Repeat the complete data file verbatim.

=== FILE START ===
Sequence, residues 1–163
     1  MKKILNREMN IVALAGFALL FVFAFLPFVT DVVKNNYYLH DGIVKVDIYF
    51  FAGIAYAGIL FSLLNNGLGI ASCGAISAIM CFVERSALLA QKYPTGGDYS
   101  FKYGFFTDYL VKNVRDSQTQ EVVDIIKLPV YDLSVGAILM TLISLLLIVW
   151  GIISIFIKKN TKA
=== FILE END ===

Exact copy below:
Sequence, residues 1–163
     1  MKKILNREMN IVALAGFALL FVFAFLPFVT DVVKNNYYLH DGIVKVDIYF
    51  FAGIAYAGIL FSLLNNGLGI ASCGAISAIM CFVERSALLA QKYPTGGDYS
   101  FKYGFFTDYL VKNVRDSQTQ EVVDIIKLPV YDLSVGAILM TLISLLLIVW
   151  GIISIFIKKN TKA